There are some cool gadgets and software to focus on learning the guitar during times when a guitar is not accessible. We can leverage this guitar “downtime” easily and this post is about what I do (good or bad). First I immersed myself with the fretboard itself, I have fretboard notes and scales as my desktop wallpapers and printed some posters which are posted in several areas of my home. But staring blankly at a bunch of notes or charts out of context won’t cut it. Feel free to share your “downtime” methods… Keep in mind we all have different learning styles and I am not going to pretend I know how to teach or even play guitar all that well.

Smartphones

I really enjoy an iOS app called FretWiz. It’s pretty intuitive and keeps me trying again and again to bring up the score (speed counts). It starts at the 5th fret asking for notes (multiple choice), then as you progress it will ask you to identify notes on the fretboard itself. I use this while on the bus, lunch breaks at work, etc… It’s a great learning tool and keeps your mind sharp. I tried other apps and they didn’t seem to keep me engaged like this one does.

Repeat after me

Besides using your smart phone, you could rinse and repeat the notes for the E, A & D strings for the 3rd, 5th, 7th and 10th frets. Why? Because they’re easy to remember: 3 = GCF, 5 = ADG, 7 = BEA, 10 = DGC. Knowing the sharps/flats are just a step away (fret) it will start to fill in pretty quickly. I used this to memorize the “chromatic circle” or: C C# D D# E F F# G G# A A# B (note, I left out the flats).

Doodling habits

If you’re like me and doodle in meetings, start doodling the fretboard (I like to draw the patterns for pentatonics and such too, burning these shapes in my head).  Of course, make sure to verify your doodles once in a while so you’re not burning in a wrong image – that would suck. I seem to be pretty good at doodling pentatonic scales and do it without really thinking about it, this translates well on the guitar while I’m still learning how to play lead. By the way, doodling does help you remember what goes on in meetings:

Why does doodling aid memory? Andrade offers several theories, but the most persuasive is that when you doodle, you don’t daydream. Daydreaming may seem absentminded and pointless, but it actually demands a lot of the brain’s processing power. You start daydreaming about a vacation, which leads you to think about potential destinations, how you would pay for the trip, whether you could get the flight upgraded, how you might score a bigger hotel room. These cognitions require what psychologists call “executive functioning” — for example, planning for the future and comparing costs and benefits.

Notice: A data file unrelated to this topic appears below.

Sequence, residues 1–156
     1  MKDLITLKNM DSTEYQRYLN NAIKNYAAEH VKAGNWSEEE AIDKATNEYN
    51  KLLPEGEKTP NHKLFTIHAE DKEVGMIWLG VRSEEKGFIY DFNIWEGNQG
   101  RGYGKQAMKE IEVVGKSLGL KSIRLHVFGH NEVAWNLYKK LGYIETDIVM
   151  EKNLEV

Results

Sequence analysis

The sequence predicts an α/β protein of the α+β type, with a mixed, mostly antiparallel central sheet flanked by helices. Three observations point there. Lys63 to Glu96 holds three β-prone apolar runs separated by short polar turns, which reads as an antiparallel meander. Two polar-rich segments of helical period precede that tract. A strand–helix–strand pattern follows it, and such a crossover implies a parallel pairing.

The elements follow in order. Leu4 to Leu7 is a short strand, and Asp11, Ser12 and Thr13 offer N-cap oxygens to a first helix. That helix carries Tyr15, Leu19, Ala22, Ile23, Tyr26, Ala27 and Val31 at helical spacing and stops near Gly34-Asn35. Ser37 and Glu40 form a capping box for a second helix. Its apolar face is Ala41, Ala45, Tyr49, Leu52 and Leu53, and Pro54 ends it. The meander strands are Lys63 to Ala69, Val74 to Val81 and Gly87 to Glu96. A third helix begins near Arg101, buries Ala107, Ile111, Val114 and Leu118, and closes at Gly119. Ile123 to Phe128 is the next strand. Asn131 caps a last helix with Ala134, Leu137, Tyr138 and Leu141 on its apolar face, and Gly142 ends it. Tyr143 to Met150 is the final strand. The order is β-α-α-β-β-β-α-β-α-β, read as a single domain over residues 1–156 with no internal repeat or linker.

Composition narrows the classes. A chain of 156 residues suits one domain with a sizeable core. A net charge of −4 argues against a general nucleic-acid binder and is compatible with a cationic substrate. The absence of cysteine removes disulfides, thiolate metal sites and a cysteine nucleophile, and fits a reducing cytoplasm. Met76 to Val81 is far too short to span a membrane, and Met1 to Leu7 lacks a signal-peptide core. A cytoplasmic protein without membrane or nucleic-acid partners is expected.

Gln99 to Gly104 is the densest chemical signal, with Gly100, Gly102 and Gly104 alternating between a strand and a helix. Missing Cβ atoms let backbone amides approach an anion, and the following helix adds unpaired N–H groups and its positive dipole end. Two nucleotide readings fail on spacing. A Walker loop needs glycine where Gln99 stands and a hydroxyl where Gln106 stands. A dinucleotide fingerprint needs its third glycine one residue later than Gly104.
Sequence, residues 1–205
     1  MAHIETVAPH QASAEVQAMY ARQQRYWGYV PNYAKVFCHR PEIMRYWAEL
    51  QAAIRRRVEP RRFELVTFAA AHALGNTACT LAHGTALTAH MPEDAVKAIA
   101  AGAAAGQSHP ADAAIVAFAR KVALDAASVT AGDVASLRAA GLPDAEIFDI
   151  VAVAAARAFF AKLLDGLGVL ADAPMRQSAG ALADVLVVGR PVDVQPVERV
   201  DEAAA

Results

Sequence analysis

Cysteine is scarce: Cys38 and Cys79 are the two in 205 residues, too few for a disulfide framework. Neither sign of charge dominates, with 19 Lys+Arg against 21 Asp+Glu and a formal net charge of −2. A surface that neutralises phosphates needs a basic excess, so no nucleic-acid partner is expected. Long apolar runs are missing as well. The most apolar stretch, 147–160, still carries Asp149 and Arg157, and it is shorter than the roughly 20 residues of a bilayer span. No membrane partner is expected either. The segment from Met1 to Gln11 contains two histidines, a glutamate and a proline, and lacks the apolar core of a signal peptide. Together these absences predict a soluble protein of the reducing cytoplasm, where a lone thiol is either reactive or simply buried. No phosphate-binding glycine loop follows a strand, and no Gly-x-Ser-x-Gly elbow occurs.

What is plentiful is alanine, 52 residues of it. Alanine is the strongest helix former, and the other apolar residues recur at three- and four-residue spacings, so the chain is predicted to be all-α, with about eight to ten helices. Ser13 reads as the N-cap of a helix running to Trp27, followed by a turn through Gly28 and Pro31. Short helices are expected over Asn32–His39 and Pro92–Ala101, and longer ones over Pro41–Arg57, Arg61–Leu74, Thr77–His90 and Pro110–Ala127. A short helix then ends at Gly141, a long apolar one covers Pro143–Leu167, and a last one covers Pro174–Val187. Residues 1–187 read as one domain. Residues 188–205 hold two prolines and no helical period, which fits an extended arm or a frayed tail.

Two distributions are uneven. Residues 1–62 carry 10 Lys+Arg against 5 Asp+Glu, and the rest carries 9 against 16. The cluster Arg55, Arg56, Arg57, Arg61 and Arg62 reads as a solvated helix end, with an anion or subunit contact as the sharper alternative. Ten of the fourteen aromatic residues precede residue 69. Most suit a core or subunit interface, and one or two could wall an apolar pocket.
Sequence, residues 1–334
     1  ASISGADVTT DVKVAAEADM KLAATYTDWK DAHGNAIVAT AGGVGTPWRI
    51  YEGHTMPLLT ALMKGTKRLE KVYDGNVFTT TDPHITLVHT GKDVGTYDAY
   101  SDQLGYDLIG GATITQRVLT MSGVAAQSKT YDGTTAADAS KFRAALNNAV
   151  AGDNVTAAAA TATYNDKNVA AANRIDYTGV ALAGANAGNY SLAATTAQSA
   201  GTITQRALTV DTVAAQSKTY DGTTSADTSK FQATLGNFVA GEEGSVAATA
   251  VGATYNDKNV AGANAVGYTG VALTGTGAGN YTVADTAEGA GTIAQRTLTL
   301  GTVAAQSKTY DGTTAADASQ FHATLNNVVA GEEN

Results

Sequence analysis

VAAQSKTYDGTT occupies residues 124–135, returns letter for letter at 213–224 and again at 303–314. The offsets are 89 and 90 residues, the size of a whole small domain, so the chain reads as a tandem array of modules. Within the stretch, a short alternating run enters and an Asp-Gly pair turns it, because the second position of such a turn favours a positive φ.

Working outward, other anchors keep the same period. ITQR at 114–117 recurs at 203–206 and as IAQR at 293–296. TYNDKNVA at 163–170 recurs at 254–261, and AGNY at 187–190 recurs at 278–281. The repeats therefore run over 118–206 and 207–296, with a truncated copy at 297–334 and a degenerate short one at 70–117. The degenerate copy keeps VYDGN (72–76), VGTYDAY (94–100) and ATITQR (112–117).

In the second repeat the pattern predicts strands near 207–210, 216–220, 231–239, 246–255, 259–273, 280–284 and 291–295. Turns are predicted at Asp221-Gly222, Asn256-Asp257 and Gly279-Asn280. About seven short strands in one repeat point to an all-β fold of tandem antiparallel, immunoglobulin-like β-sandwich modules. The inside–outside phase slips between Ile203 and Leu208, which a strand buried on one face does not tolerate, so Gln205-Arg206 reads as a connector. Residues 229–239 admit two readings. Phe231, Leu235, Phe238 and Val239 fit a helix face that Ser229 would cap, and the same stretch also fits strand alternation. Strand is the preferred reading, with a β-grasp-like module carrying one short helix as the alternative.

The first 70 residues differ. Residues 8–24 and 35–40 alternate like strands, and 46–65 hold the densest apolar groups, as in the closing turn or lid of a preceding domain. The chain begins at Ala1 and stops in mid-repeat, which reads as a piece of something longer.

Doodling, in contrast, requires very few executive resources but just enough cognitive effort to keep you from daydreaming, which — if unchecked — will jump-start activity in cortical networks that will keep you from remembering what’s going on. Doodling forces your brain to expend just enough energy to stop it from daydreaming but not so much that you don’t pay attention.”

Source: http://content.time.com/time/health/article/0,8599,1882127,00.html

Auditory methods

Another, maybe a little weird, thing I like to do is listen to some sort of ear training Mp3s I made which are essentially me playing a note on the guitar and saying what the note is, some scale runs, arpeggios, etc… If I’m stuck in traffic, you may overhear me singing along to some very awkward “music” haha! I’m guessing this is a make-shift “Pimsleur method” but for learning the language of guitar.

Especially useful if you’re an auditory learner (if you learn best by listening to information). While listening to actual music from your favorite musicians. Try and grasp certain nuances of their playing, try to visualize where they are on the fretboard, what key they’re playing in, etc… I don’t recommend focusing heavily on these sorts of things whilst driving though, paying attention to the road will allow you to live another day so you can actually practice.

While working out

At the gym, you can add some grip strengthening routines to your mix (if not already being done) reinforcing your hands/wrists will allow you to practice for longer periods safely and without pain. Bonus points if you listen to Mp3s designed to help you learn to play guitar.

Reading up on theory

Lastly you can purchase some music theory books and start reading at your leisure, if your commute permits it – it would be great benefit to mix in some of that theory reading along the way. Make sure to take notes for further research if something seems too crazy or confusing. To be honest, I haven’t started this yet, although I’m doing some light reading (not really music theory) like Fretboard Logic and such.

Conclusion

In conclusion there are tons of options available to practice the guitar without the instrument. Lots of smartphone apps available, old school memorization techniques (on paper), additional routines at the gym, reading theory, etc… Hopefully thinking about these “downtime” practices can help you further your performance. I know it has been helping me (although, it feels like it doesn’t show at all during my actual playing).